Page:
Fairfax County will conduct a “comprehensive review” of the county’s response to the COVID-19 pandemic.
At today’s (July 13) Board of Supervisors meeting, Chairman Jeff McKay proposed as a board matter to have County Executive Bryan Hill review how county agencies responded to the challenges of the pandemic, how operations were affected, and how operational changes impacted the community.
The review will take place in two parts. The board directed staff to deliver a report with conclusions, recommendations, and areas of improvement in February 2022, and a follow-up is anticipated since the pandemic is still ongoing.
The motion passed unanimously.
“We did an amazing job [dealing with the pandemic],” McKay said, but he acknowledged that a review is needed since “there’s much to be learned about the county’s response and how we can improve upon that for the future.”
McKay also noted that a review is already essentially under way, but this formalizes the process and sets a deadline on it.
Hunter Mill District Supervisor Walter Alcorn agreed with the effort and asked the county executive not to pull any punches.
“I ask the county executive not to shy away from identifying challenges…[particularly] those in the labor market that were attributed to the pandemic and what happened after,” Alcorn said.
As noted in McKay’s comments, more than 75% of Fairfax Health District residents 18 years or older have received at least one vaccine shot. That’s above both national and state averages.
However, the county continues to face some challenges in convincing those who are still hesitant to get vaccinated.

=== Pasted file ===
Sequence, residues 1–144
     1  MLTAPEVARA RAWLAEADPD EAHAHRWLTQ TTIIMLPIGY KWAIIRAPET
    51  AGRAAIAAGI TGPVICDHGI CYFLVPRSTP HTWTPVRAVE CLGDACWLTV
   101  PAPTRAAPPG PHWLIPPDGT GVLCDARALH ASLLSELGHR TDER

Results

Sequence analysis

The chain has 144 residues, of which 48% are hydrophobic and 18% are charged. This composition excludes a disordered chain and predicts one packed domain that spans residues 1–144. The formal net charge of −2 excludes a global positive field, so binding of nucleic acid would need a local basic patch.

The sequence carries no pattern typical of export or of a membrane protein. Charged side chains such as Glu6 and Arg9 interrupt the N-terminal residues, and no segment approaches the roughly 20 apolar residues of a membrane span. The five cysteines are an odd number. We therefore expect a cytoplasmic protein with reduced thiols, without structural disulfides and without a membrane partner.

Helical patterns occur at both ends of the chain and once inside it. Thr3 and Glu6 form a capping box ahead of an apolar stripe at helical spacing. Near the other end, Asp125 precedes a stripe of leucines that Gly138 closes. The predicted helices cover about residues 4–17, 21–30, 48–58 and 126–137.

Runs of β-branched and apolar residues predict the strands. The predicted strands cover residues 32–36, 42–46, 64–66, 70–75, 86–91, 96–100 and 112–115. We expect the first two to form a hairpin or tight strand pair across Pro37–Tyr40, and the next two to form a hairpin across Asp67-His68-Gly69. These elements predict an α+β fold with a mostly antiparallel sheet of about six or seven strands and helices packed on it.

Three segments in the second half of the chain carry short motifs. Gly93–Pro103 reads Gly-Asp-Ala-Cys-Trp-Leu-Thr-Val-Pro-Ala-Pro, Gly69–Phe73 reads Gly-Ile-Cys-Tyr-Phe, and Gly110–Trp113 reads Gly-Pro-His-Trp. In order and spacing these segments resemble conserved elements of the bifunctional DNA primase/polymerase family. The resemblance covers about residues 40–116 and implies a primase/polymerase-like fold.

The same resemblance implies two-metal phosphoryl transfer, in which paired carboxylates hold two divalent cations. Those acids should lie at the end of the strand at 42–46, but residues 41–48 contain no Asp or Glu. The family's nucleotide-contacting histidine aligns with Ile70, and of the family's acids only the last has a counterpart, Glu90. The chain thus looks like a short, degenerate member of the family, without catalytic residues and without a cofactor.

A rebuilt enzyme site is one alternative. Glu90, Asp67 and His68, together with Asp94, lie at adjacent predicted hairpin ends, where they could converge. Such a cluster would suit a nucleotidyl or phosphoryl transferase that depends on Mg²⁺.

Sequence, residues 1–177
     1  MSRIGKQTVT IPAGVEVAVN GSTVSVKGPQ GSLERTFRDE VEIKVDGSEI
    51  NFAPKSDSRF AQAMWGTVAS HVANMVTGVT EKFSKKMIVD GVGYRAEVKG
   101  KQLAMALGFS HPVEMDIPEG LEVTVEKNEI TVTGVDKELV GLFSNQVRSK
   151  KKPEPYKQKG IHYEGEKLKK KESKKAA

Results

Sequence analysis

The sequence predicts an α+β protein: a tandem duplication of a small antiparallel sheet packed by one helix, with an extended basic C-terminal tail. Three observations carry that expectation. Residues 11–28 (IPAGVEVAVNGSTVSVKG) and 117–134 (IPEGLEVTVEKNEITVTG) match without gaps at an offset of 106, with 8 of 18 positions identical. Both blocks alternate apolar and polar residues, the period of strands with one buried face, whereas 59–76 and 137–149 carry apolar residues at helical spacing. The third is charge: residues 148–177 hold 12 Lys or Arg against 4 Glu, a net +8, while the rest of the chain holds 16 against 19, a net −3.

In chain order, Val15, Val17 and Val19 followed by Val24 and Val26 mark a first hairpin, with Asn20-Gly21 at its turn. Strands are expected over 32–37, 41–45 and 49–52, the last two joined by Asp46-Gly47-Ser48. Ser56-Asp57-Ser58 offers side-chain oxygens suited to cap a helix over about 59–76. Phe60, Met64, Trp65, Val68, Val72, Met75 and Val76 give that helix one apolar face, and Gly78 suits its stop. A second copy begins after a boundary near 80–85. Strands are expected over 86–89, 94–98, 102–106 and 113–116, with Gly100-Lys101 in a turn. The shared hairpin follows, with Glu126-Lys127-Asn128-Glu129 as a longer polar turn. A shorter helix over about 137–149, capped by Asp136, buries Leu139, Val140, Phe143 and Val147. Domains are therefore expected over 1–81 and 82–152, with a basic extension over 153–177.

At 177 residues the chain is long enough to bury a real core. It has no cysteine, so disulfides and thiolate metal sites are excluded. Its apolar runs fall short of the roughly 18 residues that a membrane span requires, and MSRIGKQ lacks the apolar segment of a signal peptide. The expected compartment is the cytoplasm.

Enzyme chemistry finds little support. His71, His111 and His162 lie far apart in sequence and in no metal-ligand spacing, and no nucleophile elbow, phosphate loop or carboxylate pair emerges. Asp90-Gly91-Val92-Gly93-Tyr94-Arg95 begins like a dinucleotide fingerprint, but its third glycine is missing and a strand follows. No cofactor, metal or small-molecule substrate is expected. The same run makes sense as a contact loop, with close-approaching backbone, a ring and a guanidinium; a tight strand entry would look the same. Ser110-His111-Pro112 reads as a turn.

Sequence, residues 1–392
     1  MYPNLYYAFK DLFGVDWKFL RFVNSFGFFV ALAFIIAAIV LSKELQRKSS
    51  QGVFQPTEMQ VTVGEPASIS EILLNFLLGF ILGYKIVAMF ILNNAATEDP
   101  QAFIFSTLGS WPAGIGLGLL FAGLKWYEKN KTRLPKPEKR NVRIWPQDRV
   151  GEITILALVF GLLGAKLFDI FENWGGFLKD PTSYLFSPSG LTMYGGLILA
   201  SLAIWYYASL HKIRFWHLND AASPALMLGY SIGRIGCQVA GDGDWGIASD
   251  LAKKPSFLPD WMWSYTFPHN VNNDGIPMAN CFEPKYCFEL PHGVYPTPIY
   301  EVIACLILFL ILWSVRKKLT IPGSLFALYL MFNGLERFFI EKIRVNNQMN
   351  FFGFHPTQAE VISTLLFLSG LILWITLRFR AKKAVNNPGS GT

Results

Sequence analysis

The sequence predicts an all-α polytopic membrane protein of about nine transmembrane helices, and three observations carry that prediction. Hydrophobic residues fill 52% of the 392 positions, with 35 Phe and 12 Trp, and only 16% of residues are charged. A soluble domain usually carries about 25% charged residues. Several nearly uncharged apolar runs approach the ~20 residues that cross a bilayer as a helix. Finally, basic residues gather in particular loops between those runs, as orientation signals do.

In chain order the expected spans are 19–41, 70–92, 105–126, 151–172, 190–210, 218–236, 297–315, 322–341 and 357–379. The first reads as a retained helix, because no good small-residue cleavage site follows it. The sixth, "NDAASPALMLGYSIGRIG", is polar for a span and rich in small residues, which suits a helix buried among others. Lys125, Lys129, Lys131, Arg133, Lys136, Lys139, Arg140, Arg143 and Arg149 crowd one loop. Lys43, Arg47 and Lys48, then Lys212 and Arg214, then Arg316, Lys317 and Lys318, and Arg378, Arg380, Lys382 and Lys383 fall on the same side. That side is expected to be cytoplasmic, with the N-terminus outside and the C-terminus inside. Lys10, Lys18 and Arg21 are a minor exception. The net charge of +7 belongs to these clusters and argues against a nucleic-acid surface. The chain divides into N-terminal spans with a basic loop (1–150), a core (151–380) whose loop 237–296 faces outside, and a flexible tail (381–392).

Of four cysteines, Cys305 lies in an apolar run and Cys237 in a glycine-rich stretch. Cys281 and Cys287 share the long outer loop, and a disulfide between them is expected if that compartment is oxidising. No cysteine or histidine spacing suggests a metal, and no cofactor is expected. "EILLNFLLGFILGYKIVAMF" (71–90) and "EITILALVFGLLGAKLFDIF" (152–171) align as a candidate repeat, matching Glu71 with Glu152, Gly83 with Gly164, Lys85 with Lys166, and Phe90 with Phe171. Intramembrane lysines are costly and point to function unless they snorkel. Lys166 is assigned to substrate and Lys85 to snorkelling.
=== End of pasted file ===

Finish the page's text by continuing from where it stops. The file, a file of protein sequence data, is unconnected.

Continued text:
When it comes to addressing COVID-19’s economic impact, the county has provided assistance with rent, food, and other basic needs to more than 10,000 households and helped get permanent housing for 400 individuals who were experiencing homelessness when the pandemic began, according to McKay’s board matter.
The county has also distributed more than $52 million in small business relief funding through the RISE program and is offering $25 million in their PIVOT program.
While half of the RISE grants went to minority-owned businesses, those particular businesses still suffered “acutely” during the pandemic. What’s more, the Northern Virginia Black Chamber of Commerce recently called out the county for their belief that they were neglected in the development of some of the grant programs.
McKay said that getting a comprehensive report on Fairfax County’s COVID-19 response will help the county government “ensure we maintain the level of service and functionality our community expects” in any future large-scale crisis or emergency.
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